There is simply no way around it: our personal data exists online, and it’s all too easy for everything from our search history to our health records to become subject to heightened surveillance. As new information comes out, technology is released, and court cases are decided, it’s bound to only become a murkier subject.

One of the emerging gray areas lies in the intersection between privacy and law enforcement. From a certain perspective, it’s only natural that law enforcement would put technology to use when investigating a crime, especially since digital evidence can be the key to cracking a case. But on the flip side, where do we draw the line? 

Data Breaches Reveal Deeper Issues

In a now-infamous data breach, malevolent hackers exploited a tactic that law enforcement officials sometimes employ to get tech companies to release data: they issued an “emergency” legal demand that tech companies hand over information such as location and subscriber details. The companies, assuming the request was legitimate, obliged. Obviously, hackers having our information is cause for concern and was an alarming situation for those involved. 

But perhaps more importantly, it’s worth considering that no news article would have been released had it been real law enforcement acquiring our personal data. It’s an accepted facet of the job, nothing at all newsworthy. How should we the people feel about the potentially sinister undertones? According to an article published by The Guardian, “police, Immigration and Customs Enforcement (Ice), the FBI and other law enforcement agencies can get your user data directly from tech companies through various forms of legal requests, without having to search your device. Sometimes, they can get it just by asking for it.”

Law Enforcement's Access to Data in America

Law Enforcement Loopholes

Your data could be at risk through many routes, of course. But it is certainly ironic that one of them is through the government systems supposedly in place to protect us. Keyword search warrants, geofence warrants, and administrative subpoenas are all perfectly legal methods of collecting your information. That information could be anything from your location to your social media activity. 

Law enforcement agencies can also legally contract with companies whose goal is to survey your data and feed it into their own algorithms. For example, one of these surveillance companies, Clearview AI, was the subject of a New York Times article on “The Secretive Company That Might End Privacy as We Know It.” Let’s just hope that the headline is a slight exaggeration.

A Current Concern

Certain instances of law enforcement officials pushing the boundaries of privacy are of specific import today. Data privacy is particularly important for people of color and their communities. According to, surveillance and data collection have disproportionately affected communities of color under both past and current circumstances and political regimes. Stereotyping, misinformation, and racial profiling all play a role in the imbalance.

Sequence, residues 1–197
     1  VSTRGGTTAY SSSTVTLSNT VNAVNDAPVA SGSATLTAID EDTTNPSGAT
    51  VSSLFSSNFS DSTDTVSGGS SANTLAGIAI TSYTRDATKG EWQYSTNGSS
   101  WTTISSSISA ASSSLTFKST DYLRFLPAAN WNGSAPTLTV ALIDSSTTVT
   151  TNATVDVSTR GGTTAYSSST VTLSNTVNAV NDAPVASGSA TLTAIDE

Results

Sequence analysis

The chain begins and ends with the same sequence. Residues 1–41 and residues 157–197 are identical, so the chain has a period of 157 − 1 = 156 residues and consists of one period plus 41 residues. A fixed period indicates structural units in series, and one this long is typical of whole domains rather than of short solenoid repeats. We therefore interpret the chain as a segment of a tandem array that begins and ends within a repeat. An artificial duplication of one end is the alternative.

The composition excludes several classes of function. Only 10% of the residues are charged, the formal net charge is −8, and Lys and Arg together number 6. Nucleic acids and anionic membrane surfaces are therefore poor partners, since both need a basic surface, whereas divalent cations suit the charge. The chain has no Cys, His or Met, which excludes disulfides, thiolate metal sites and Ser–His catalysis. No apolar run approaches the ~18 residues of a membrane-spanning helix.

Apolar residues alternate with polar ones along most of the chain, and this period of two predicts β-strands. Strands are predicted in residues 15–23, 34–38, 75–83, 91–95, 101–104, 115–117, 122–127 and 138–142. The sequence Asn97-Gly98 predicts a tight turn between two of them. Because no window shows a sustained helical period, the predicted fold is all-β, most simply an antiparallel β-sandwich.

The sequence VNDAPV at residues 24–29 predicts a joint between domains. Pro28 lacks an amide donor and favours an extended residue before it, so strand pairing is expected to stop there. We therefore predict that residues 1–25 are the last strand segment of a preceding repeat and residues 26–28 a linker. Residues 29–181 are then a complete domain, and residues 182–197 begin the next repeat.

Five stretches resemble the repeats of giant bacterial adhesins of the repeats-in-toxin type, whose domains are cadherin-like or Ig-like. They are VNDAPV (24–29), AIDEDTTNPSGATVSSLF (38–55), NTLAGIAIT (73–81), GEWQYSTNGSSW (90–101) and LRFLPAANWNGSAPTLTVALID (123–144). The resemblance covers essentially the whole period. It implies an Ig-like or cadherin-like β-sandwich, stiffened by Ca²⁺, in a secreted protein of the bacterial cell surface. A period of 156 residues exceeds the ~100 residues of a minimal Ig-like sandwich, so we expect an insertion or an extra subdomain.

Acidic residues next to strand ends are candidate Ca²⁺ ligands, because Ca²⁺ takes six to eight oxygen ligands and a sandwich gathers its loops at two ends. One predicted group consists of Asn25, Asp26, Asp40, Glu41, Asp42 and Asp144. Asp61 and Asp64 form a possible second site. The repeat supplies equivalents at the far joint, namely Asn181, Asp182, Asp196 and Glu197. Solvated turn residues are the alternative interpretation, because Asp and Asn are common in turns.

Another concern involves women attempting to receive an abortion in states where the medical procedure is now illegal. The landmark decision in the recent Supreme Court case Dobbs v. Jackson undid their previous decision in Roe v. Wade, which allowed women nationwide to have a legal abortion. Now, abortion laws are left up to the states, many of which have deemed it illegal at various stages. Women in those states might find their medical history and health records suddenly subject to increased scrutiny. Thus, they must tread extremely carefully if considering procuring an (illegal) abortion.  

Get Ahead of the Curve with a CSU Degree

Law enforcement access to private information is an increasingly important topic. It doesn’t help that there’s a major talent gap in experts who can advise companies on cooperating with these demands. Professionals with a comprehensive understanding of both the law and the technological landscape are few and far between, meaning they’re in high demand when it comes time to hire. If you want to earn the skills companies are currently seeking, look no further than an innovative online Master of Legal Studies (MLS) in Cybersecurity and Data Privacy from Cleveland State University.

We recognize that you’re probably looking to apply your studies to a lucrative, fulfilling career. With that in mind, we designed the MLS with a focus on relevant, real-world experience. The program benefits students who must understand the legal and business risks posed by cybersecurity and data privacy in order to successfully enter and thrive in ever-evolving fields. 

We also recognize that you’re probably very busy with everything else going on in your life, from personal to professional responsibilities, so our degree is purposefully asynchronous, part-time, and fully online. Interested in this impactful degree? Schedule a time to connect with our Director of Graduate Studies and Professional Development, Julie DiBiaso.